[Ads-l] go for a "Burton"--a 1944 etymology guess (UNCLASSIFIED)

Joel Berson berson at ATT.NET
Sat Aug 15 14:27:51 UTC 2015


Any association with "dead man" = "empty bottle (of beer)"?

No obvious association with "Burton", unless Burton was so popular (in the RAF?) that it became the epitome/eponym of beer.

Joel

      From: ADSGarson O'Toole <adsgarsonotoole at GMAIL.COM>
 To: ADS-L at LISTSERV.UGA.EDU 
 Sent: Friday, August 14, 2015 10:04 PM
 Subject: Re: [ADS-L] go for a "Burton"--a 1944 etymology guess (UNCLASSIFIED)
   
Below are excerpts from a letter published in Time magazine in 1943.
It does not mention a beer advertisement, but it does present an
origin tale based on Burton beer.

Date: April 19, 1943
Periodical: TIME
Section: Letters
Letter Author: LEADING AIRCRAFTMAN WM. J. L. GIBBONS Calgary, Alberta
Database: Online Time Magazine Archive

[Begin excerpt; ellipses are present in original text]
A Pukka Gen Wallah Reports
Sirs:
Your comments regarding Royal Air Force lingo (TIME, March 22) were
interesting, but could have been much more so. . . . Some of our
idioms and phrasings . . . that you have chosen are not as universally
used as your article would indicate. For instance, whilst "on a
rhubarb" is used somewhat, the more universal expression is "on a
piece of cake" or "on a piece of duff."
[End excerpt]

[Begin excerpt; ellipses are in original text]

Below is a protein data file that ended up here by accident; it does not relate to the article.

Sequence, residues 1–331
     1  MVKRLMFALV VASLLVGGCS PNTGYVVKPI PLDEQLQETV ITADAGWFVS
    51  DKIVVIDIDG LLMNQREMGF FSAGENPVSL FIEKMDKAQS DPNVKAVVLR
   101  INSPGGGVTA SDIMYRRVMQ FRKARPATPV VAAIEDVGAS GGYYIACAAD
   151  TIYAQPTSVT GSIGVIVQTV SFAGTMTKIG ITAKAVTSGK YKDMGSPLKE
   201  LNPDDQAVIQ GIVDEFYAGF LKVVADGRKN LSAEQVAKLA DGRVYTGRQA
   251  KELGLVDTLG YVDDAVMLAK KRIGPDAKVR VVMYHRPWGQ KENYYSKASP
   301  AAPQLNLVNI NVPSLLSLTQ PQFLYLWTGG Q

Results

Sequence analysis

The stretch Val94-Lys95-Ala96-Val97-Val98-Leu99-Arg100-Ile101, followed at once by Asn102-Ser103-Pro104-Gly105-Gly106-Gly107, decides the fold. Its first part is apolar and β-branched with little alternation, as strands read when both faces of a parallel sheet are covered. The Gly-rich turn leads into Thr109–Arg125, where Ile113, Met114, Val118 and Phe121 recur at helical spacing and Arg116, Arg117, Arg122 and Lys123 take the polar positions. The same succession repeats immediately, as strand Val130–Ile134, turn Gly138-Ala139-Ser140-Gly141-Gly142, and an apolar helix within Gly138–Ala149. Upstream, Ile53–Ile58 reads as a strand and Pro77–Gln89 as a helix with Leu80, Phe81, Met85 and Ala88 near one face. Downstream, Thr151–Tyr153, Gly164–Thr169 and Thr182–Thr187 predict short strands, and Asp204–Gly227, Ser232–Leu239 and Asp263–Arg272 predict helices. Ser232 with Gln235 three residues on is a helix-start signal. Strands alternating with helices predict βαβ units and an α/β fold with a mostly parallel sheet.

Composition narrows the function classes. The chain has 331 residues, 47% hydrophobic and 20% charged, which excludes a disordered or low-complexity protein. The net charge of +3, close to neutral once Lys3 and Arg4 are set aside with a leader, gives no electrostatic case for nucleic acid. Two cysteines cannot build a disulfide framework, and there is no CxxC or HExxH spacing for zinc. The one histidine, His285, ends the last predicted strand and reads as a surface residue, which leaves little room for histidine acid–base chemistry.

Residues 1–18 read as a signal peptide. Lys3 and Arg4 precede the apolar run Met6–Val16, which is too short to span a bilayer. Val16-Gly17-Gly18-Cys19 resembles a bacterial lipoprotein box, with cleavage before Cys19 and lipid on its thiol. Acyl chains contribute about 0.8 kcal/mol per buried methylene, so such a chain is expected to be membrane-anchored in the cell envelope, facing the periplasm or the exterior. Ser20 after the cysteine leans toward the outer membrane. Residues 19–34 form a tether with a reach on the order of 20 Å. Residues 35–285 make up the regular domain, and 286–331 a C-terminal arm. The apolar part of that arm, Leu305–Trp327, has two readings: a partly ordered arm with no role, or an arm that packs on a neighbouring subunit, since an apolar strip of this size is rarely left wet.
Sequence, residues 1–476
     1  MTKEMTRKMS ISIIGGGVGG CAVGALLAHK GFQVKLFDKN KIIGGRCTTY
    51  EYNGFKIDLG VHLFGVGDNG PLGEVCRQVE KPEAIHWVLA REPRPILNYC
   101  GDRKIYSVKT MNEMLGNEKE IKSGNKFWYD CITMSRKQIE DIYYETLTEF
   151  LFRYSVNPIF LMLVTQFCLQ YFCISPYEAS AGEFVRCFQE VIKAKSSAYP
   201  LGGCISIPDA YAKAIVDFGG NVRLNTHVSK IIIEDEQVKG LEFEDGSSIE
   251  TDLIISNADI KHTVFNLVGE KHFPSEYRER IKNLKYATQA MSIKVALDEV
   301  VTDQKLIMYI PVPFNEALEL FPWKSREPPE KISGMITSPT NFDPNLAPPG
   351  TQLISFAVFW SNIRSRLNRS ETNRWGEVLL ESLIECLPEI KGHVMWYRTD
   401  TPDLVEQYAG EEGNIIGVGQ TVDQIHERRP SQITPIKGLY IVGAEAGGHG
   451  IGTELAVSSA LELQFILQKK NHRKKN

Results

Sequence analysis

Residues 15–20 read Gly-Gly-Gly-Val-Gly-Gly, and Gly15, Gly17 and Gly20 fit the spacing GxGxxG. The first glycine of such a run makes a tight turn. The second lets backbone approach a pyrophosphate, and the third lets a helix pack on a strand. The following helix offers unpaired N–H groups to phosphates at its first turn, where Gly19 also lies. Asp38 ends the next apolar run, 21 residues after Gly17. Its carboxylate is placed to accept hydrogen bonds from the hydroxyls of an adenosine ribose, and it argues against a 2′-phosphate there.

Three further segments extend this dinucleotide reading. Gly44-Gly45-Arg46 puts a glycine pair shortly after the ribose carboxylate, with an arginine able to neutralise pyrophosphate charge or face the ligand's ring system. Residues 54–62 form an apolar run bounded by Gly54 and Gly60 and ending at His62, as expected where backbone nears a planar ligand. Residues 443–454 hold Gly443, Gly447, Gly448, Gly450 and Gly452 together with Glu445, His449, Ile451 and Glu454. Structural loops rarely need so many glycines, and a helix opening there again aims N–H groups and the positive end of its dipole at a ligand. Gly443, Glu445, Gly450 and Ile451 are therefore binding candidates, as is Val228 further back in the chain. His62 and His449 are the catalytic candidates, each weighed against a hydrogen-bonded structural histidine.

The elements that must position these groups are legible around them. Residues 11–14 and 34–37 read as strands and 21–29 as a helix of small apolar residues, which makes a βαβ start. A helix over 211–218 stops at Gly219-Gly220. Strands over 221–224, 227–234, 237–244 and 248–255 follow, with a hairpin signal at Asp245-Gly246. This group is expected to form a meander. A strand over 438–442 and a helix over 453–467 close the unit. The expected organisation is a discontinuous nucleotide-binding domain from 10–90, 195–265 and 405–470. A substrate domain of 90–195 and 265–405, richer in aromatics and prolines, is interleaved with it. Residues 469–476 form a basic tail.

No mention of our slanguage is complete without mention of our most
famous phrasing, and that is the expression "gone for a Burton." When
anything or anybody is through for good, it or he is said to have
"gone for a Burton." ... If one of your "oppos" (universal term for
buddies) is killed, you don't say he was killed, you just say, "Poor
old Joe has gone for a Burton." . . . There is an origin to this
expression. One of the most popular beers in prewar England was Burton
beer. If anyone was wanted and he wasn't around, it was said that he
had "gone for a Burton," for more often than not, he was to be found
in the nearest pub.
[End excerpt]

Garson

On Fri, Aug 14, 2015 at 9:34 PM, ADSGarson O'Toole
<adsgarsonotoole at gmail.com> wrote:
> ---------------------- Information from the mail header -----------------------
> Sender:      American Dialect Society <ADS-L at LISTSERV.UGA.EDU>
> Poster:      ADSGarson O'Toole <adsgarsonotoole at GMAIL.COM>
> Subject:      Re: go for a "Burton"--a 1944 etymology guess (UNCLASSIFIED)
> -------------------------------------------------------------------------------
>
> It looks like Time magazine published the Burton beer explanation for
> the phrase in 1943. I will try to access the full article and share an
> excerpt.
> Garson
>
> On Fri, Aug 14, 2015 at 9:21 PM, ADSGarson O'Toole
> <adsgarsonotoole at gmail.com> wrote:
>> ---------------------- Information from the mail header -----------------------
>> Sender:      American Dialect Society <ADS-L at LISTSERV.UGA.EDU>
>> Poster:      ADSGarson O'Toole <adsgarsonotoole at GMAIL.COM>
>> Subject:      Re: go for a "Burton"--a 1944 etymology guess (UNCLASSIFIED)
>> -------------------------------------------------------------------------------
>>
>> In May 1945 the magazine "Flying" printed a "Letter from London" that